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Talking About Your Job With Kids

My Daughter Didn't Know I Worked For Years, and That's Not a Good Thing

Recently, I was scheduled to be the mystery reader in my daughter's classroom. Her teacher asked me to send a few clues about myself, which she would read to the class beforehand so they could guess who was coming. I sent my childhood dog's name, three big cities I lived in before settling in the Chicago area, and my job. "I'm a writer," said clue number three.

I walked into the class, and my daughter ran to greet me. "Mom," she said. "Why didn't you ever tell me you were a writer?" I was taken aback. Surely, she knew what I did professionally. She had certainly seen me typing away on my computer or heard me discussing articles I'd written with her dad and grandma, right? Apparently not. She had only guessed who I was because she knew my first golden retriever's name. My job: that was the real mystery.

I read a cute book to the class (If You Ever Want to Bring an Alligator to School, Don't!, which I had carefully chosen . . . because I love books so much that I'm a writer!!), after which her teacher asked the students if they had any questions for me. They had a lot. Half of them were about my favorite kinds of ice cream, cookies, cakes, and pies. The other half were about my job. What did I write? Did I like writing? Did I make up stories or tell real ones? The whole time I was answering them, I could see my daughter's face, slightly amazed, slightly confused.

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I was the person who made her between two and 20 postschool snacks every day, who packed her lunches while yelling at her to eat breakfast because the bus was coming in seven minutes, who took her to movies and read her bedtime books; not a writer, not someone who had a "real" job at all. Had I been deliberately hiding something from her?

Had I been deliberately hiding something from her?

In truth, I think I had, even if it wasn't a conscious choice. After she was born, I stopped working full time, cutting my hours to part time. After her brother arrived almost three years later, I started working even less, transitioning from a part-time employee to a freelance contributor. I did those things because I wanted to be with my kids more and was lucky enough to have a spouse who agreed with that choice and was able to make up for my lost income with his career.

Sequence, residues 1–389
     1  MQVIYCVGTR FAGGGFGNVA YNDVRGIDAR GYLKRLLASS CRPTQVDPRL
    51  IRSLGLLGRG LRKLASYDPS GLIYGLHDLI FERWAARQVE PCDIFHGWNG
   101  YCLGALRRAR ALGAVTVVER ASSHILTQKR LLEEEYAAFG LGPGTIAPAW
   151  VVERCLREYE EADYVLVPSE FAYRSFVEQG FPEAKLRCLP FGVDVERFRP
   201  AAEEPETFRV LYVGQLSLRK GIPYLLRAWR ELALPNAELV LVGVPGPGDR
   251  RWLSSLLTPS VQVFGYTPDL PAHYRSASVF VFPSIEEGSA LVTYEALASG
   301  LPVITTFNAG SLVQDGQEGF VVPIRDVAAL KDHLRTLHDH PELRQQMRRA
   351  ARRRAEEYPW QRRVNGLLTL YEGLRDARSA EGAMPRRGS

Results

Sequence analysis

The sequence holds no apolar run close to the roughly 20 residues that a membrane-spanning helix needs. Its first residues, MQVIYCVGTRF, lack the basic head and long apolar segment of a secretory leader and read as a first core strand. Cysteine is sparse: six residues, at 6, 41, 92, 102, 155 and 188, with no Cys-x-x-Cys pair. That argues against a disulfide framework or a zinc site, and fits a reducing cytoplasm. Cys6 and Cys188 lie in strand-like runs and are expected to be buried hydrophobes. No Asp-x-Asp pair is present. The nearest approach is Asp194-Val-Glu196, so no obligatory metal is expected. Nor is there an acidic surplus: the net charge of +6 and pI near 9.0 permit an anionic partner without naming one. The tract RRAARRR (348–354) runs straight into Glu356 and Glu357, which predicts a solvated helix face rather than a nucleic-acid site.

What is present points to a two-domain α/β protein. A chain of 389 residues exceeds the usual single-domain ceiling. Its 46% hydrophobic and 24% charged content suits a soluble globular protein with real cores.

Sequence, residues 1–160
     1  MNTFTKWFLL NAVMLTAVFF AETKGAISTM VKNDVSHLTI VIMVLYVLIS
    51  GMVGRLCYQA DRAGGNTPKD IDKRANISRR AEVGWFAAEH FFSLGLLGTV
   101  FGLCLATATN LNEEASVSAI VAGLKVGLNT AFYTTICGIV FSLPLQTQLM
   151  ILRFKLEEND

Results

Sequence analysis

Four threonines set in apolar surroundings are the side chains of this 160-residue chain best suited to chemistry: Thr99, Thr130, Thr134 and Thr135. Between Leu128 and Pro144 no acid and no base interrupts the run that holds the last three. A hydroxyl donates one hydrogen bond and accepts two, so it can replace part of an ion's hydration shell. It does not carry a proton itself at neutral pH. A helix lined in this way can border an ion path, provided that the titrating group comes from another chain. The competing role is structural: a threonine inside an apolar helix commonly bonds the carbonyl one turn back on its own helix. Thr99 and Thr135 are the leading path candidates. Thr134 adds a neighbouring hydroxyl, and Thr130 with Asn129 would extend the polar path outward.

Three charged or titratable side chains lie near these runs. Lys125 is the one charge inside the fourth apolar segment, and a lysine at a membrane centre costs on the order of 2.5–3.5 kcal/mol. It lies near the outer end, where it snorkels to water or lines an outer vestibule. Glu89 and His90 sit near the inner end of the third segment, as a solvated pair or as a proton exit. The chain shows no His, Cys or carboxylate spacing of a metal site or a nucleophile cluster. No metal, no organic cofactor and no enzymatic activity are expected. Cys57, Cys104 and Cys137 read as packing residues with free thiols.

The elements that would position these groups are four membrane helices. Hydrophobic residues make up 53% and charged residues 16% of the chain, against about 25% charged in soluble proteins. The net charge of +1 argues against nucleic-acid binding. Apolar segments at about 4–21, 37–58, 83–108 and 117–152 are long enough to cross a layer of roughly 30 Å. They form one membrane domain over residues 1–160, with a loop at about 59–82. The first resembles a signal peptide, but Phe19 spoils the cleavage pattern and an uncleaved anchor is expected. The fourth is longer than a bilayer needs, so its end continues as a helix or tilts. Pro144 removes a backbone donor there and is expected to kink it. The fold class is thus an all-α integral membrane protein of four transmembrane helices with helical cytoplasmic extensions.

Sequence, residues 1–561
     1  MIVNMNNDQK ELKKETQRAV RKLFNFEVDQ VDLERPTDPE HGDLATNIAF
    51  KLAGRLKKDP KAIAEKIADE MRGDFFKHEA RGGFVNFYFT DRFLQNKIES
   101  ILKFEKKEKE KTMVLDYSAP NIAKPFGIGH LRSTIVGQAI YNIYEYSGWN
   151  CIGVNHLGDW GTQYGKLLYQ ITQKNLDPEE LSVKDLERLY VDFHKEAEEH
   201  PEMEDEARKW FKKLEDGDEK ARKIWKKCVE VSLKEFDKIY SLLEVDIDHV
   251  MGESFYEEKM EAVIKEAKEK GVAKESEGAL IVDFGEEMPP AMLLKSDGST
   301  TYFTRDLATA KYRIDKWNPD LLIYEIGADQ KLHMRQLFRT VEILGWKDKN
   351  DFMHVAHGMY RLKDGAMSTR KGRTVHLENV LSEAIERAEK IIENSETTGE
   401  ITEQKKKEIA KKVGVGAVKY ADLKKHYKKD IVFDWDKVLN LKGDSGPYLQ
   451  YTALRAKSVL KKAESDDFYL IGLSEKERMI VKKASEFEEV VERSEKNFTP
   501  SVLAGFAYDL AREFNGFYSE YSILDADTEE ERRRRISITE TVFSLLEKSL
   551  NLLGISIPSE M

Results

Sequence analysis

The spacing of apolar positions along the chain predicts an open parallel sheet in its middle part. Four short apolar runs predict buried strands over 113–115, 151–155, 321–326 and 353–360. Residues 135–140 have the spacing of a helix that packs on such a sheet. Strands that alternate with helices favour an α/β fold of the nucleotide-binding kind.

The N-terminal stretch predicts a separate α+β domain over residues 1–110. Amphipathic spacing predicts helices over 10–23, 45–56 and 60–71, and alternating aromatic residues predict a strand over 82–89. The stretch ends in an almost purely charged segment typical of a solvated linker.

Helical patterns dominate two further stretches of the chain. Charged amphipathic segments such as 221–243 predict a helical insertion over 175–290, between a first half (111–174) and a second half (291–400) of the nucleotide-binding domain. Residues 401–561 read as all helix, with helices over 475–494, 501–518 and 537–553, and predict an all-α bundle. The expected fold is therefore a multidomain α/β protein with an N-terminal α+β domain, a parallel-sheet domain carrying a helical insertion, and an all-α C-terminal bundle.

I wanted my children to always know they were my first priority, so I worked only when they were at preschool or after they went to bed. Sometimes I'd take them to our gym's childcare program and work from the lobby. And I didn't really talk about my work with her because I figured she wouldn't be interested.

But, here she was, surrounded by her classmates, telling me she was. After school that day, I sat her down. "Honey, did you really not know mommy worked at all?" I asked. "No, Mom, but I think it's really cool you're a writer." Cue my heart exploding. But then, I just felt sad.

Why had I, a woman with a Master's degree from a prestigious university, a woman who picked a career she was passionate about and had excelled in before having kids, a woman who still had big dreams for her future career, not shown that side of myself to my daughter? I wanted nothing more for her to have the same opportunities I had, to have a fruitful academic life followed by a professional one, to be able to choose what her work-family life looked like after she had her own kids, to know that motherhood and work are not mutually exclusive categories.

From that minute on, I knew that hiding my own professional life from her was doing a disservice to both of us. So now, she occasionally has to wait for that 15th snack while I finish an article. I sometimes ask her about story ideas to get her always-entertaining opinion. I tell her a babysitter is coming for a few hours so I can work. Because being her mom will always be my first priority, but letting her know that I am more than that has to be one, too.

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